Category Archives: Creative Tools

Coffee Helps Fight Dementia

A study published in the May 2010 issue of the Journal of Alzheimer’s Disease purports that caffeine may protect against cognitive decline that occurs as a result of dementia and Alzheimer’s disease.  The report goes on to specify that caffeine can help:

  • Normalize brain function and prevent degeneration
  • Reduce effects of Alzheimer’s
  • Improve memory and overall cognitive performance
  • Protect against Parkinson’s disease

Caffeine appears to reduce amyloid-beta production, and that in turn helps inhibit growth of plaques in the brain that lead to Alzheimer’s.  The other effect — and this falls into the realm of research that shows happiness is, in itself, incredibly good for you — is that caffeine can act as a powerful mood lifter, relieving the depressive symptoms which are thought as the most prevalent complication of cognitive decline.

So, coffee (or at least the caffeine in it) is a mood lifter?  I guess so.  I know I’m significantly less happy in the morning if I don’t get it.

Adobe Cloud for “Teams” makes sense … until you look at the price

Given that you have to sell a kidney to afford
just about any of Adobe’s professional creative software suites, they did a wonderful thing when they came out with this: Adobe Creative Cloud.

It’s a subscription plan, ranging from $30 to $50 a month (student to professional) for access to EVERYTHING, updated constantly, and I’m a happy user. It’s easier to justify $50 a month, especially when it’s software you use in your trade, than plunking down an arm and a leg (or lung & kidney) and buying it outright, only to have it be outdated 11 months later, and have to buy it again just to keep up with the newest innovations.

Keeping that in mind, I was excited to hear they announced a team version of this, which made me think, automatically, for a few dollars more you can add extra people to the license, which would be awesome.

I was excited, that is, until I learned that it’s $70 PER SEAT, a full $20 a month more than if we bought them individually.

I’m sorry, but that makes no sense at all!

And so now here’s my rant, addressed to Adobe:

THIS is what would make sense: $70 a month which includes AT LEAST 2 SEATS, even better 3, with each additional seat costing another $20. I would buy that for my entire team. But the way they have it now, it makes more sense to simply buy individual memberships for each team member and collaborate with our existing tools, AS WE ALREADY DO. Adobe’s “team” value add is minimal to nothing being that 80 percent of their customers who work in teams already have collaboration systems in place. The only value to a team membership is if it saved Adobe’s customers MONEY.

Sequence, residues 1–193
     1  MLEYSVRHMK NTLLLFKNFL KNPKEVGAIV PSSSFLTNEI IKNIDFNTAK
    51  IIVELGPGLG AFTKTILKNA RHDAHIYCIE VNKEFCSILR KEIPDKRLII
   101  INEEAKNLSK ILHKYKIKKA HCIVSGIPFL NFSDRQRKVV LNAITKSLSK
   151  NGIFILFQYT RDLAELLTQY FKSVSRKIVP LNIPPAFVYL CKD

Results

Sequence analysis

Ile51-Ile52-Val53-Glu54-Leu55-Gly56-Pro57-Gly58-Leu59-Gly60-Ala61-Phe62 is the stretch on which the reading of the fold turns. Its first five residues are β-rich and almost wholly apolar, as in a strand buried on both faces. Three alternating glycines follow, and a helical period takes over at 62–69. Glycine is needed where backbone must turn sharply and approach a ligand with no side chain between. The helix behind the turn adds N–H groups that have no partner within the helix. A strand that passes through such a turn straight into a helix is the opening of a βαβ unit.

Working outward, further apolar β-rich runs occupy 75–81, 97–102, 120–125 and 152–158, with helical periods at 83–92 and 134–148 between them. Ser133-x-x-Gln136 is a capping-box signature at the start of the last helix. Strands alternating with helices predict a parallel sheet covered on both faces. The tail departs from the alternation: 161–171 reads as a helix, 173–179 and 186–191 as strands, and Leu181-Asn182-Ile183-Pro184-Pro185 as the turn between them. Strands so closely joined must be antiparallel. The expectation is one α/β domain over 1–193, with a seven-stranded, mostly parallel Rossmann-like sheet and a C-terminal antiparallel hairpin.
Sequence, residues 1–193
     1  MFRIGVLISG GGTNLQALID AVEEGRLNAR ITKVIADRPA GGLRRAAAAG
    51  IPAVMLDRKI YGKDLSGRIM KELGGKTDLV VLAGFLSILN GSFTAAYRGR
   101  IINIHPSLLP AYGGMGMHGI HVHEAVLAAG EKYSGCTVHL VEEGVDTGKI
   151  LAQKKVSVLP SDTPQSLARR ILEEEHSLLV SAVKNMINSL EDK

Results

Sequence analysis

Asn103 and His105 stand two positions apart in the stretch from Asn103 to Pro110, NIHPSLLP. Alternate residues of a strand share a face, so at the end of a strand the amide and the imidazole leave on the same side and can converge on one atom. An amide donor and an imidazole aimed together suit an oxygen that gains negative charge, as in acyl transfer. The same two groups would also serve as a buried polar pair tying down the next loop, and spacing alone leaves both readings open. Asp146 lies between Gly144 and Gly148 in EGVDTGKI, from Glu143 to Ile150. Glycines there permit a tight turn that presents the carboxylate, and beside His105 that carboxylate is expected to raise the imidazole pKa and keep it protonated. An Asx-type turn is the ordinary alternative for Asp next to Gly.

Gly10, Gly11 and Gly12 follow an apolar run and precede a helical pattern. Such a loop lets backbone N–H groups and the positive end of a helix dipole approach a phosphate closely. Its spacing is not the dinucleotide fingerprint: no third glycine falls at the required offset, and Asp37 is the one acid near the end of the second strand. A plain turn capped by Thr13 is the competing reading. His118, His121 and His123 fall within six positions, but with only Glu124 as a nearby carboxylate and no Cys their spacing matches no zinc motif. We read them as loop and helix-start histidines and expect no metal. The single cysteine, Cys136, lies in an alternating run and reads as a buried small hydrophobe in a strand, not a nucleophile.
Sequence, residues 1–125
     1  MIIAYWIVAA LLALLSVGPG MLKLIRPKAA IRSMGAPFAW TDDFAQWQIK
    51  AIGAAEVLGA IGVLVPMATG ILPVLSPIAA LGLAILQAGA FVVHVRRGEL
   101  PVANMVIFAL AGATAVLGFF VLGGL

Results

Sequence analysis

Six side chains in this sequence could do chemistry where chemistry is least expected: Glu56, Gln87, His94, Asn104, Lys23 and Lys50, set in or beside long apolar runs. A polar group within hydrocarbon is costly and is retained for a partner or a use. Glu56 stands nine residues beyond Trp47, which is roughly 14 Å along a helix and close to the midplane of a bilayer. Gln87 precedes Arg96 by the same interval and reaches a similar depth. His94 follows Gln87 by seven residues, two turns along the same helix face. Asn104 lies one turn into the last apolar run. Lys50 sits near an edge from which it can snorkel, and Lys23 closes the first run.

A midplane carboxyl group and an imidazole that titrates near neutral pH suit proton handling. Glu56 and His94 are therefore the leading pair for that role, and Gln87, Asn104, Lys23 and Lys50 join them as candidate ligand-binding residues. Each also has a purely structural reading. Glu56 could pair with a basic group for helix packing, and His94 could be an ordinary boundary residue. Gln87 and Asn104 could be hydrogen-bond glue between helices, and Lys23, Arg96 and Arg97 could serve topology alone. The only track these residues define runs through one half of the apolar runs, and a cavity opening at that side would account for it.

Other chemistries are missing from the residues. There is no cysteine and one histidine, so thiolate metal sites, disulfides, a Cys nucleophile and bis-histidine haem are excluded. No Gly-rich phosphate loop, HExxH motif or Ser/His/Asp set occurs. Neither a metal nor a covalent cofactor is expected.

I’m sorry but this is a step backwards. Creative Cloud opened Adobe software up to a new arena of customers, but this “team” plan is no deal at all.

And with that, I end my rant.

Manuscript for iPad

I had such high hopes for this app. It seemed promising. The feature set came across so impressive and useful that I bought it immediately.

Silly me.

The reality is, this is a toy for would-be writers so that they can pretend they’re writing something. Two clues that it’s not actually for professional use:

  1. It gives you a choice of parchment background styles for you to write on.
  2. It presents your manuscript to you as if it’s already published in a hardbound book.

Ergo, this is a wish-fulfillment app, not an actual writing tool.

It could be saved, though. Add the ability to format your text, and improve the export feature so that it gives you a professionally formatted manuscript, and it would actually be useful. I mean, I don’t really have anything against it being on a parchment background, or looking like it’s already hardbound. What does piss me off is that I spent money on it without realizing it won’t do simple — and I mean basic — things like indent your paragraphs and underline words.

For you aspiring writers out there, here’s an important tip: professional publishers like to see their manuscript submissions in a specific format. This app claims to enable you to produce a submittable manuscript within the confines of the app itself, and that is not true.

Until Black Mana Studios fixes at least this basic flaw, there’s no way I can recommend this to anyone who is serious about creating a manuscript on the iPad. Take your money and instead buy Apple’s Pages. It may not come with all the plotting tools, but at least it gives you all the standard, necessary formatting features you’ll need to produce a professional manuscript.